Its all about the spine

Throughout my time in the Tirisula studio, I have constantly heard Wei Ling instruct, ‘engage your abdominals, keep your spine straight’. With my own spinal problems as well as always wanting a flat stomach, I wanted to find the advantages of a straight spine and strong abdominals.
So why should you engage your core?
When the abdomen becomes fat and flabby, the spine sags. The lumbar spine acts like the handle of a bag holding the contents of the abdomen. If you have too much fat on your stomach, the contents of the bag becomes heavy due to deposition on the intestines.
Mesentery is a fold of the peritoneum which attaches the stomach, small intestine, pancreas, spleen and other organs to the posterior wall of the abdomen. In an obese person, mesentery is one of the major depots of extra fat. The abdominal muscles support the contents in the bag from in front. If they are weak and flabby, the intestines fall forward, causing a pull on the vertebrae behind, thus leading to backache. Excess fat deposition in the abdominal wall also causes a pull on the lumbar vertebrae. In women, if the uterus is not properly placed, low back pain may also result.
So which poses will help to keep the spine straight?
The forward, backward and sideward bending poses mobilise the inter-vertebral joints, develop the supporting muscles of the spine, strengthening the ligaments and massaging the nerves and blood vessels. These are essential throughout your life, especially later on in life. The development and maintenance occurs equally on each side so the possibility of unequal tensions on the spine is vastly reduced. If someone has a disc problems (like I do) or even sciatica, the backward bending poses for the lower spine are essential. The best ones for this are Shalabhasana (Locust pose), Ushtrasana (Camel pose), Dhanurasana (Bow pose), and Bhujangasana (Cobra pose).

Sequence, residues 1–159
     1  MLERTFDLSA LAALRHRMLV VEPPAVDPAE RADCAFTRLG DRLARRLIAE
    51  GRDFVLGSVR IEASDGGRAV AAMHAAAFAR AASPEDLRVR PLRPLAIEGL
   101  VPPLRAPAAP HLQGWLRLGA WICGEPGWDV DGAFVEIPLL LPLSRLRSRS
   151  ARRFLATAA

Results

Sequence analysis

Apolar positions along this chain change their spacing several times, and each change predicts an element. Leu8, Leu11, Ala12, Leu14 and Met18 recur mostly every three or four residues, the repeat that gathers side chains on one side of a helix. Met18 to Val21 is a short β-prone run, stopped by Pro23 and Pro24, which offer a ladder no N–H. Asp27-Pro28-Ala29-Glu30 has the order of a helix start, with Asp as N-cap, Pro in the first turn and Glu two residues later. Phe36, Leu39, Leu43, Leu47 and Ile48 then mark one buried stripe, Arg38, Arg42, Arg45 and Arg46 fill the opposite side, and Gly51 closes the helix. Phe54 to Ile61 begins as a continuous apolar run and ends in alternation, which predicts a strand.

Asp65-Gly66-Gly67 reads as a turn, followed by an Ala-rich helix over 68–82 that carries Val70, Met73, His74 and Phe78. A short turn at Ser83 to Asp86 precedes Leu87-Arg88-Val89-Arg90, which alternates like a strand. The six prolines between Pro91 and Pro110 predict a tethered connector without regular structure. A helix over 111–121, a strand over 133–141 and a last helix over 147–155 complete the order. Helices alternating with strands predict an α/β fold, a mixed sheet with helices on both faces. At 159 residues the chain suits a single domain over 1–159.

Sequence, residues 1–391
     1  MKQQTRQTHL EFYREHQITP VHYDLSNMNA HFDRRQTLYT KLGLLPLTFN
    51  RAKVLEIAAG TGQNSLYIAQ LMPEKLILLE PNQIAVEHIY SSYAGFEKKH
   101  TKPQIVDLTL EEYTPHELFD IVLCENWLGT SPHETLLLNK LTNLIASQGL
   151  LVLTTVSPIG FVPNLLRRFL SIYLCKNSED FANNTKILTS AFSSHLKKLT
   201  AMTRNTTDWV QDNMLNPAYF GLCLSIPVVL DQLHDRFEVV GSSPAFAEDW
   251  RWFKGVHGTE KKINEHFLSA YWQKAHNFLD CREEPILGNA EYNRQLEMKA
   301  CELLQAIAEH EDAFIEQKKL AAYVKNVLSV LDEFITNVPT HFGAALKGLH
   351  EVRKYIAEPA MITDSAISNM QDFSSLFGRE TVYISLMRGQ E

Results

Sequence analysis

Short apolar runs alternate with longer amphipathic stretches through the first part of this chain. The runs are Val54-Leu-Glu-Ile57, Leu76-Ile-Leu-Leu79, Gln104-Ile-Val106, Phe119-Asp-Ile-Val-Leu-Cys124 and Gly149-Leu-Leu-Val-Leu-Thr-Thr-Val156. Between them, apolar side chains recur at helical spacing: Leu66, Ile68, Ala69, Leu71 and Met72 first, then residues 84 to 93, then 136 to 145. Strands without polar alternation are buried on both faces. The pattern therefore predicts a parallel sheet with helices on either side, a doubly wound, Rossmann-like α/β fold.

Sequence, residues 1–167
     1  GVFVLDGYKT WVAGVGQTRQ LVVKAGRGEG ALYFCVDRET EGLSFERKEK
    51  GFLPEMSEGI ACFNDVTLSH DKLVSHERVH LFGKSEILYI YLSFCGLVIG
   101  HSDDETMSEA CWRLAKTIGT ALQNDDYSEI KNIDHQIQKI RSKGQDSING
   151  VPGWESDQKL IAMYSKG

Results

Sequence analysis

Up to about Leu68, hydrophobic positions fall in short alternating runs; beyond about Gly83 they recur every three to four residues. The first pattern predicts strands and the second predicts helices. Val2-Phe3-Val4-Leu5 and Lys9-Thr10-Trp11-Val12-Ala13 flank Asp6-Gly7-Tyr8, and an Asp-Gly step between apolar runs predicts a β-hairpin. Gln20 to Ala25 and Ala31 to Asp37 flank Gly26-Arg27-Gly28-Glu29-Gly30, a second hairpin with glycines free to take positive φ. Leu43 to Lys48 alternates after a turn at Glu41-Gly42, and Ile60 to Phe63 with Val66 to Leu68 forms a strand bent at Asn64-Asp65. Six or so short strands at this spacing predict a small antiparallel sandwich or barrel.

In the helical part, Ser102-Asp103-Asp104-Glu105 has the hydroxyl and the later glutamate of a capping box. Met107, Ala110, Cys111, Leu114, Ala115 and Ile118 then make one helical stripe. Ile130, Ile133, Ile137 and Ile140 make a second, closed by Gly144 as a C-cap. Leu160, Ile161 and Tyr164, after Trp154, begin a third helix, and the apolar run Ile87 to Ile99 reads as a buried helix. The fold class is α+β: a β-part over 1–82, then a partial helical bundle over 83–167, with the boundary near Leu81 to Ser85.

Other easier poses that are great for the spine are Shavasana, which relaxes the entire musculature and Tadasana which stretches the spinal ligaments, relieves pressure on the inter-vertebral discs and lessens wear and tear. Similarly, the inverted asana Sirshasana (head stand) and Sarvangasana (shoulder stand), change the pressure points, where the body weight is brought to bear on the lumbar vertebrae. This reduces strain on the lower back.
Not only do the poses help to keep the spine straight but breathing exercises such as Bhastrika pranayama, Agnisar and Nauli develop the abdominals to help keep the spine strong without the hard core, sweaty abdominal exercises!
Below shows which poses can help the spine …
BHARADVJA’S TWIST – The gentle twist is a tonic for the spine and the abdominal organs
PARIPURNA NAVASANA – This helps to strengthen the flexors and abdominals.
USTRASANA – This helps the flexibility of your back as well as increasing your energy
MARJARVASANA- This pose provides a gentle massage to the spine and belly organs.
BHUJANGASANA – Opens the heart and rolls the shoulders down to promote flexibility in Cobra Pose.
BITILASANA – Cow Pose is an easy, gentle way to warm up the spine.
Luisa Vass TYY 200 (weekday)

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